Yellowstone: The Place

            People die in Yellowstone. Of course people die everywhere, but the causes aren’t nearly as interesting or horrifying in my hometown. People don’t fall through the crust of the earth and into an acid pit in Fairhaven, MA. They aren’t mauled by bears or falling off cliffs either. Maybe that was the allure or maybe we just needed jobs. Whatever brought us there, Yellowstone challenged us, scared us, and showed us a glimpse of the people we thought we could be when we left Massachusetts.

            Yellowstone National Park is mainly located in Northwest Wyoming while brushing into Montana and against Idaho. It is America’s and the world’s first National Park, predating the National Park Service by nearly fifty years. State Parks had existed first, managed and overseen by the states they lay in, but the patch of land that Yellowstone encompasses was in the then Wyoming Territory. No such designation was possible and what has been called the best American idea, the National Park, was created as a quick answer to a territorial technicality.

Sara and I arrived in early May to Canyon Village which welcomed us with crisp air and snow on the ground. It is one of the several grocery/refueling/park services centers within the park. Named for its location, next to The Grand Canyon of the Yellowstone, this would be our home for the next five months. Our days became full of tour busses pulling into our store, spilling their passengers through the doors. The mix of people was incredible to see. Hikers who reeked of body odor shopped shoulder to shoulder with glampers in high heels and make up. People flooded in, while protein bars, marshmallows, and cheesy souvenirs cascaded out. It was all an endless blur, at least until our shifts came to a close.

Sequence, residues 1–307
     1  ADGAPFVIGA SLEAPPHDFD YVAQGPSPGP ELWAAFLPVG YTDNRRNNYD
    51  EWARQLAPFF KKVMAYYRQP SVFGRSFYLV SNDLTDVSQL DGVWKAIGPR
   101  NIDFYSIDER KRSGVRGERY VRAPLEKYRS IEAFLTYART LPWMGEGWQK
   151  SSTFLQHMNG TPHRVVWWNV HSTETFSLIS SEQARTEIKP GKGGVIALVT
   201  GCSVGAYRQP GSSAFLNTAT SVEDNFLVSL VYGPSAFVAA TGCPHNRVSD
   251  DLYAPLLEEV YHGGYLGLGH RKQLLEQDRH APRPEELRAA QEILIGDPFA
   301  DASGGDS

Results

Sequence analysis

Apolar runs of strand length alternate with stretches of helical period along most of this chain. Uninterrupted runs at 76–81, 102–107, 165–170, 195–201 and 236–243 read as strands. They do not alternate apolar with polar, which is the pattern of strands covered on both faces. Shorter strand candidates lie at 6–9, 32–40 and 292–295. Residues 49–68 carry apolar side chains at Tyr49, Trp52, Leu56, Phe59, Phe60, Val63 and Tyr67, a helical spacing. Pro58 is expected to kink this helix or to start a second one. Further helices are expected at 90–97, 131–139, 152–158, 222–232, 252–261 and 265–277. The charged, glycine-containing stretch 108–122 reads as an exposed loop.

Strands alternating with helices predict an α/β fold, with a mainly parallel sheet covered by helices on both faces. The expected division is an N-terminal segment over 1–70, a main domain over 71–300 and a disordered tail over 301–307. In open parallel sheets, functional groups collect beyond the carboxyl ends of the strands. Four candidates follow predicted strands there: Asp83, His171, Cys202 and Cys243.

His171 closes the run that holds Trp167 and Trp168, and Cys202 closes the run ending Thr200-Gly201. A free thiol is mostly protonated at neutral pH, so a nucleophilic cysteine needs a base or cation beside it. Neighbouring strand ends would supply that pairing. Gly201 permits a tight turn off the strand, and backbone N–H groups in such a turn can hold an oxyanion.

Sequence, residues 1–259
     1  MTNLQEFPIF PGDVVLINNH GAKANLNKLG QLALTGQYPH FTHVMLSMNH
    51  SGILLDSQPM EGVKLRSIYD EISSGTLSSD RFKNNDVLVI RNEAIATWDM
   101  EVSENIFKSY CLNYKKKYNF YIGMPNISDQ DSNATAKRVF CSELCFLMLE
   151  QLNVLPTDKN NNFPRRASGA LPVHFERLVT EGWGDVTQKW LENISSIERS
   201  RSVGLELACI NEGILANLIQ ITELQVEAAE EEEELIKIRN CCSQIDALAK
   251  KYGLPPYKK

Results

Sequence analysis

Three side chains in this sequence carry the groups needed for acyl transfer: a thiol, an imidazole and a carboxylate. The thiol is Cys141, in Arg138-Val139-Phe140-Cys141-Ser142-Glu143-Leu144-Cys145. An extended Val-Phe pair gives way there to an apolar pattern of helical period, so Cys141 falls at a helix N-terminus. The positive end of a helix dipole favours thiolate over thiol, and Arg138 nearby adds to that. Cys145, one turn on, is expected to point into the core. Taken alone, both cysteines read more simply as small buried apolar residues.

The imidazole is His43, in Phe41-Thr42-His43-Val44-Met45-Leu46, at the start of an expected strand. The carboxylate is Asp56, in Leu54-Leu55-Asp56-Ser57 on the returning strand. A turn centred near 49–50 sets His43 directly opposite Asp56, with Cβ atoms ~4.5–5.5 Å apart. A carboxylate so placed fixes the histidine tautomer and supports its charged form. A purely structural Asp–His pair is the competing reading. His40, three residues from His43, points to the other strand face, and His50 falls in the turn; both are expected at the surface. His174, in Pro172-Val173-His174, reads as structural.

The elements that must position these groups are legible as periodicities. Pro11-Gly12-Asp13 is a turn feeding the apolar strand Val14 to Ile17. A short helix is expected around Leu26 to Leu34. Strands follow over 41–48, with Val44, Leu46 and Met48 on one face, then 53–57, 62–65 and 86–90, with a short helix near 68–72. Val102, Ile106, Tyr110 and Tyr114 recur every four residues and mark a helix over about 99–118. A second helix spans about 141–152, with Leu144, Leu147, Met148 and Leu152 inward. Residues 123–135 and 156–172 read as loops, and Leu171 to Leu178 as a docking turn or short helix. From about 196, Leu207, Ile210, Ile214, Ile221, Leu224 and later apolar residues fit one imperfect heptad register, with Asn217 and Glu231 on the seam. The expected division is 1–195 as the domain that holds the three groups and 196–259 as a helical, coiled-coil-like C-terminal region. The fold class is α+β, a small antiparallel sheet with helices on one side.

It was nice to be working again, but we quickly began working for our off hours. We came to the park with high expectations of becoming rugged outdoorsy folk, though we almost didn’t make it past our first hike. We started the summer with me at my largest, 240 lbs., and Sara with a recently discovered fear of heights. The weather, at first, was wet and cold causing us to spend our first few weeks in the park huddled inside our camper. By the end of May I was wondering if we would get out at all when Sara and I were invited on a hike after work. We jumped at the chance to get out and so, rather unprepared, we excitedly embarked on our first adventure. We should have asked more questions, or maybe just one, “Where are we going?”

The Mount Washburn trail isn’t a difficult one. It’s a three mile hike up to the peak of a mid-sized mountain near Canyon Village. It isn’t too steep and is listed as “moderate” in “Hiking Yellowstone National Park: A Guide to More than 100 Great Hikes,” a book that would become our summer’s Bible. But, for us at that point it was an intense challenge that almost kept us inside the rest of the season. After setting out it didn’t take long for the hike to become a seemingly endless trudge up the mountain. Our new friends patiently waited for us to catch up every half mile or so. As we neared the top, the trail became a ridgeline made narrower by massive snow drifts. Sara crawled along, looking down steep drop offs on either side, panicky with every step, me huffing and puffing behind her. We reached the summit wet, cold, and dreadful of the climb back down, now in the dark. After changing into dry socks and a quick rest we began our way back. The hike down was like the hike up, slow, cold, and soggy. When we finally got home, we were beat up both physically and mentally.